FROM THE RECTOR
I have a well-loved 3×5 card that sits above my desk in my office. On it is a phrase that I came across 15 years ago at least, sometime during my seminary formation. It reads, “Custom without truth is simply old error.” Articulated by Cyprian of Carthage, it comes out of the middle of the 3rd century, as the early Christian communities were debating how best to understand the customs of the church that was now over 200 years old.
I have kept it with me all of these years because I find it to be a powerful corrective, especially in this age of the Christian Way. Simply continuing tradition for its own sake can easily turn into a deadening practice, one that merely repeats motions without remembering why they are being offered.
And. As I wrote a few weeks ago, if a 5th century theologian, Nilus of Ancyra, is right, that, “History is not a chain holding us back, rather it is a vine, nourishing us into the future,” then the nourishment of our past practice is vital to our life today. The challenge of any institution, or any group of people that lives past a generation, is to know why we are following these practices, and whether or not they still give life.
It’s my experience that most if not all of the practices that we have received have offered truths for the people in the times and places that began them. They spoke to a desire, a concern, a need that otherwise wasn’t being articulated. This is part of why I am so engaged by being an Episcopalian and an Anglican. We are recipients of this incredibly rich stream of practice, what some have called the “Anglican jewel box.” From theology to liturgy, architecture to hymnody, we are able to call upon a tradition that has led myriad people over centuries into being more fully human and alive.
That is, if you know why you are doing it. Yesterday was Ash Wednesday, a day when many Christians across the globe (though not all), mark themselves with ashes as a reminder of our own mortality and as a physical embodiment of our continual need to turn around, to give our hearts to God. But in a culture in which Cultural Christianity is rapidly receding (in ways we haven’t altogether been able to grasp yet), people do not always understand who we are or why we practice these ways. One illustration of this is in the article below, an encounter that All Soulsians had yesterday near downtown Berkeley BART, as they were offering ashes to passersby. Or many of you may have experienced it in conversations (or amused looks) with people as you make your way through your day with a cross of ashes on your forehead.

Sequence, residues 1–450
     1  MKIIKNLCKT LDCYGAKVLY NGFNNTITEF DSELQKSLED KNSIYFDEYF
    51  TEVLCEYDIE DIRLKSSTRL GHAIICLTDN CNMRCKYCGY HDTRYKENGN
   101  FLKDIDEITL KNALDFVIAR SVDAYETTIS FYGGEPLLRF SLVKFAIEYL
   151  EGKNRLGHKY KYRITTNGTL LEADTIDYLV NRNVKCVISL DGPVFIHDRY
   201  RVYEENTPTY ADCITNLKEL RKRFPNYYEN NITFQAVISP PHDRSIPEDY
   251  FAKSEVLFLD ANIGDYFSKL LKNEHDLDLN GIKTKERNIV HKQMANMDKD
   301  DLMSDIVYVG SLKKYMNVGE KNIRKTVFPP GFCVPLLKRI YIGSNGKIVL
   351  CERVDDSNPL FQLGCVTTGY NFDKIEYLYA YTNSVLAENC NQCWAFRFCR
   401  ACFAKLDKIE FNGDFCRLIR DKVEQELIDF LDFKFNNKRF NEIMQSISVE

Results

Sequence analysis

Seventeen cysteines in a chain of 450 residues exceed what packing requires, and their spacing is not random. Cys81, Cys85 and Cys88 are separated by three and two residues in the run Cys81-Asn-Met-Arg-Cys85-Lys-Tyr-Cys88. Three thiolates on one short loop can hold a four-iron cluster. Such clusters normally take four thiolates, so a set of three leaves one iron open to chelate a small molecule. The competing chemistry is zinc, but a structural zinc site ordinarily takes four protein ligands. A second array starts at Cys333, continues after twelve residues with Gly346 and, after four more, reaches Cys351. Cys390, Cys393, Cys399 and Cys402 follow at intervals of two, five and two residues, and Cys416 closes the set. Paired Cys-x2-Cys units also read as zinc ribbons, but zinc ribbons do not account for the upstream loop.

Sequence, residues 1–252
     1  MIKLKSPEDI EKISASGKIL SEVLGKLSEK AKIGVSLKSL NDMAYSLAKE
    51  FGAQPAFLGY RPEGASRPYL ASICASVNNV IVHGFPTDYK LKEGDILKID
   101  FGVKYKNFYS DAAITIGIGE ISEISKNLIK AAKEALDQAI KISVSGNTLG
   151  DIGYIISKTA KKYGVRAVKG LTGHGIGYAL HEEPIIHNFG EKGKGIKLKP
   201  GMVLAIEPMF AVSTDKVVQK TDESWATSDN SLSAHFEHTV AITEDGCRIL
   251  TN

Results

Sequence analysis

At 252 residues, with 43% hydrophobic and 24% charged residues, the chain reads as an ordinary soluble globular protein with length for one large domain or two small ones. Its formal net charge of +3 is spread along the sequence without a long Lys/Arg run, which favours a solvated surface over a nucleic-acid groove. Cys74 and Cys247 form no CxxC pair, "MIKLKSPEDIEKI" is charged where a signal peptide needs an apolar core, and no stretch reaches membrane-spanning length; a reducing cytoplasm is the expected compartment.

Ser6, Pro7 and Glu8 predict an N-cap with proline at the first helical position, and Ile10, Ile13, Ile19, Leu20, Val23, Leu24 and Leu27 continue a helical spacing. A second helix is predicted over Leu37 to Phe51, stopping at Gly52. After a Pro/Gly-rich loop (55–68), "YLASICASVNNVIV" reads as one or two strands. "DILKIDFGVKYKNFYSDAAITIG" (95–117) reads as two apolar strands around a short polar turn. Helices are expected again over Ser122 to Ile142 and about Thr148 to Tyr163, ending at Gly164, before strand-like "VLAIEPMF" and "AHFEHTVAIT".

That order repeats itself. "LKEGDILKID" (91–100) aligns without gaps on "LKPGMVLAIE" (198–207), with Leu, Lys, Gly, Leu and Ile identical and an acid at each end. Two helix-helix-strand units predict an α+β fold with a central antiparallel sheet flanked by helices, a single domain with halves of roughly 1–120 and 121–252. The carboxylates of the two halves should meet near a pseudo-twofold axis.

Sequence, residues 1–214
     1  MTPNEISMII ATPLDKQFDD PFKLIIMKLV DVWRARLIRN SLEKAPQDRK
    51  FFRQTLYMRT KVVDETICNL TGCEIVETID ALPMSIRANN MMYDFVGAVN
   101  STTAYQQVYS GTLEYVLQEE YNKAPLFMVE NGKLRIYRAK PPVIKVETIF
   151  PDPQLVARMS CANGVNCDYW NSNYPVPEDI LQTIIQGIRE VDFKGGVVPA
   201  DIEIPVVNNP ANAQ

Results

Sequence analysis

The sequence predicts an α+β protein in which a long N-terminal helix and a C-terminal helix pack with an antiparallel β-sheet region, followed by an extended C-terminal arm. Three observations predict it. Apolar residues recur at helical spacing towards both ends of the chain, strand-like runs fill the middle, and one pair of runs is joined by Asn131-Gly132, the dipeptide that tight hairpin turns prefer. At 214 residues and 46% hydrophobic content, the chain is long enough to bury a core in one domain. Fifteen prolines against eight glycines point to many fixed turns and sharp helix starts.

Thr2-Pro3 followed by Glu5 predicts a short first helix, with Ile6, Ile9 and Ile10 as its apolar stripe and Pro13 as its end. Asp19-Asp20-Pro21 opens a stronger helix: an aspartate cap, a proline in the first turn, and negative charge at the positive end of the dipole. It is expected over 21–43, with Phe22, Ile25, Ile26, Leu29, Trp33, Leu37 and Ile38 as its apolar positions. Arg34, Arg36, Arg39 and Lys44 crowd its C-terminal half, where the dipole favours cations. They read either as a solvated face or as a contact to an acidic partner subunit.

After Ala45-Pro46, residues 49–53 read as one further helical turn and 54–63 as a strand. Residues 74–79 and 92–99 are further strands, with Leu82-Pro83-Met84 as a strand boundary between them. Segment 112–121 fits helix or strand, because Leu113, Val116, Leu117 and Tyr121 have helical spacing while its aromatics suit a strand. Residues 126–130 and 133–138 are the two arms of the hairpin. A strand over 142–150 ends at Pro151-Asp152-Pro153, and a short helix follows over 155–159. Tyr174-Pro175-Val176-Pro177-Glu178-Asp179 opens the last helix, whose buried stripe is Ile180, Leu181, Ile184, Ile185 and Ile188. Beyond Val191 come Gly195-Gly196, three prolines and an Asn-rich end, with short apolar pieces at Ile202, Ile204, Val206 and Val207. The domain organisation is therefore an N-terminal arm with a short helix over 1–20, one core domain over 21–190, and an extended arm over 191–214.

As practitioners of this faith—this stance or trust or habits of the heart—it is incumbent on us to remember why we live these ways. Emily Hansen Curran meditated on this need powerfully at yesterday’s services (the audio of her sermon can be found here), reminding us that in these practices of trying to get right with God, be they sacrifice or alms-giving or fasting or clay crosses, we are simply going through the motions unless we remember that their purpose is to open our hearts to God within ourselves, our neighbors, and our world.
In short, friends, we have begun. Once again, we have come to this time set aside to get ready for the Mystery of the Resurrection, a time that we know as Lent. I invite you therefore, to find, or learn, or re-discover practices that open your heart. Find the ways, ancient and/or current, that help you to truly see the people around you, encounter the Spirit within you and live in the ways that give life, to all. Just remember why you’re doing it.
From the Evangelism Team
It’s Ash Wednesday, b*%@&#s!
Today was Ash Wednesday. It’s one of my favorite days of the whole year. Seven of us went out into the community and shared ashes with folks in our All Souls neighborhood, at the Downtown Berkeley BART station, and at Kayakameena nursing home. We were: Ari Wolfe, Charli Danielsen, Marsha Thomas-Thompson, Stephen Southern, Merritt Seidenberg, Erin Horne, and me. There were unbelievably beautiful moments, like the man who said he didn’t want ashes and rode off on his bike only to ride back to get them a few minutes later, and the man who said to me “I looked and looked for a church with a service but couldn’t find one! Thank you!,” and the woman who looked like she was going to cry when she received the ashes and just stood there in the sun, stunned. Those who went to Kayakameena were able to go into every single room to offer ashes. This somber moment, reminding us of our mortality, touches something deep.